By Avi Bieler
Last Wednesday, on this site, David Samson wrote a piece ostensibly about the need to form a united association of Israeli nonprofits funded by those same nonprofits. He expressed concern that existing umbrella groups have ulterior motives and criticized their lack of transparency. Within his article he loosely suggested that Jgive.com is one of these umbrella organizations and accused the nonprofit platform of being opaque with regards to its funding. We at Jgive would like to clear up a number of points for Mr. Samson and others who read his article.
Jgive, is a project of the Asor Fund, much of whose funding does indeed come from Harei Zahav as anyone can discover on our website’s staff page (first entry!) and Guidestar (along with all of our other financial documents). We at Jgive believe in the importance of transparency and use Guidestar’s system ourselves to provide transparency metrics for charities using our site. This information never required “discovery.” No matter, as we are a nonprofit, we operate at a loss and in no way monetarily support anything beyond our immediate work on the platform and on our charity’s campaigns such as that of the Alyn Wheels of Love Ride.
We would like to dissuade Mr. Samson of the idea that those who donate to the Asor Fund politically influence the mission of Jgive.com, which is to increase rates of giving both within Israel and worldwide to the Israeli third sector. If one wants proof, simply look at the organizations on our website. Projects by the left leaning “The Parents Circle – Families Forum” coexist next to those of the right leaning “Im Tirtzu.” “Hand in Hand: Center for Jewish-Arab Education in Israel” raises money alongside “Bnei Akiva.” One can also examine our Facebook page where we very carefully avoid promoting political charities in order to ensure that Jgive remains accessible to all.
Beyond political nonprofits, there are 600 other charities to choose from on Jgive with 19 different general missions ranging from supporting Holocaust survivors to improving road safety. The only requirement for using our platform is being an Israeli nonprofit holding article 46 certification (equivalent to a 501(C)(3)). All of this is openly communicated on our site.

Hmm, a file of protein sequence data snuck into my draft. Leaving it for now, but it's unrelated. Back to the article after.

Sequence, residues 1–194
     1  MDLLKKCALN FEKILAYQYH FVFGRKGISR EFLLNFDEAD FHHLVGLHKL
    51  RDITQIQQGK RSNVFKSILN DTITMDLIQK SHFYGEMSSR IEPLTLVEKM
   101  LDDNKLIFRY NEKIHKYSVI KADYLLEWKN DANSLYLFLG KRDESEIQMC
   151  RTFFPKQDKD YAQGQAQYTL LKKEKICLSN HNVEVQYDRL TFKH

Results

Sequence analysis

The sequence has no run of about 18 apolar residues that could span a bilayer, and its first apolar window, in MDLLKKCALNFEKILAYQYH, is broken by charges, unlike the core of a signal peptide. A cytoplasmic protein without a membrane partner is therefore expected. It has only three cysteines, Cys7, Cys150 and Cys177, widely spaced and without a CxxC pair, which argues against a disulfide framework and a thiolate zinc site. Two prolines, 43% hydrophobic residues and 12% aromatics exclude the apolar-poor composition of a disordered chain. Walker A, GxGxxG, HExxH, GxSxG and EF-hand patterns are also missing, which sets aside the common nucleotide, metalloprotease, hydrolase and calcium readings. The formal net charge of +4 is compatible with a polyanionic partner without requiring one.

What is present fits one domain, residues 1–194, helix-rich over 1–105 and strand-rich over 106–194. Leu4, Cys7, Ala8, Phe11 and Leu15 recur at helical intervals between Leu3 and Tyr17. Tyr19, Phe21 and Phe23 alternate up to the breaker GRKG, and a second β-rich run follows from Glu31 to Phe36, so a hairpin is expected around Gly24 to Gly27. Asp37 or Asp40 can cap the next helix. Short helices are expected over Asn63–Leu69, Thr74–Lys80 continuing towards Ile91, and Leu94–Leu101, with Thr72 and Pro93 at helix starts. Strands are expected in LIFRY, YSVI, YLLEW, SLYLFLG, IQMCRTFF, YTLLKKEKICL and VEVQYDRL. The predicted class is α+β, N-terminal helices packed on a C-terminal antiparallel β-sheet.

Jgive is incredibly proud of our diversity. It is hard to think of many other initiatives that include such a great range of Israeli society. We do recognize that because we are a pluralist organization, most people can find something they do not approve of on the site. However, this is merely an unfortunate side effect of a virtuous plan and we are willing to live with the consequences. Our over 100,000 donors make us confident that most people agree.
Furthermore, we want to be clear that we would be delighted to accept donations covering our overhead from any well-meaning organization and have recently applied for a number of grants from many different types of foundations. To invalidate an entire project because it received money from a political figure or to claim that a project necessarily adopts the views of its donors seems a poor and unrealistic way of evaluating nonprofits.
Finally, with regards to Mr. Samson’s overall point about the need for an organization funded by Israeli nonprofits to advocate for Israeli nonprofits. It is amazing how much the Israeli third sector achieves on such slim margins. He is correct that competition for support is fierce, but it is hard to imagine what these nonprofits would gain equal to the expenditure required to fund a nonprofit advocacy group.
The most important thing a government can do (besides directly sponsoring nonprofits) is to provide tax incentives making donating more attractive. However, in Israel (as opposed to the United States) a whopping 80% of refund money goes unclaimed totaling over a billion Shekels. Therefore, more work needs to go in to educating Israelis about claiming their rights as opposed to advocating to the government about gaining more rights. That is why we arranged with the tax authorities to allow for Israelis to apply for tax refunds from their Jgive profile.
The best thing that we can do for the Israeli nonprofit sector is to encourage Israelis to take more responsibility for their civil society while allowing the global pro-Israel community to interact directly with the causes they support. We are proud to be doing our best to achieve these goals with no bias whatsoever towards political or corporate interests.
Avi Bieler is the Director of Overseas Communications and Fundraising at Jgive.com. He can be reached at [email protected]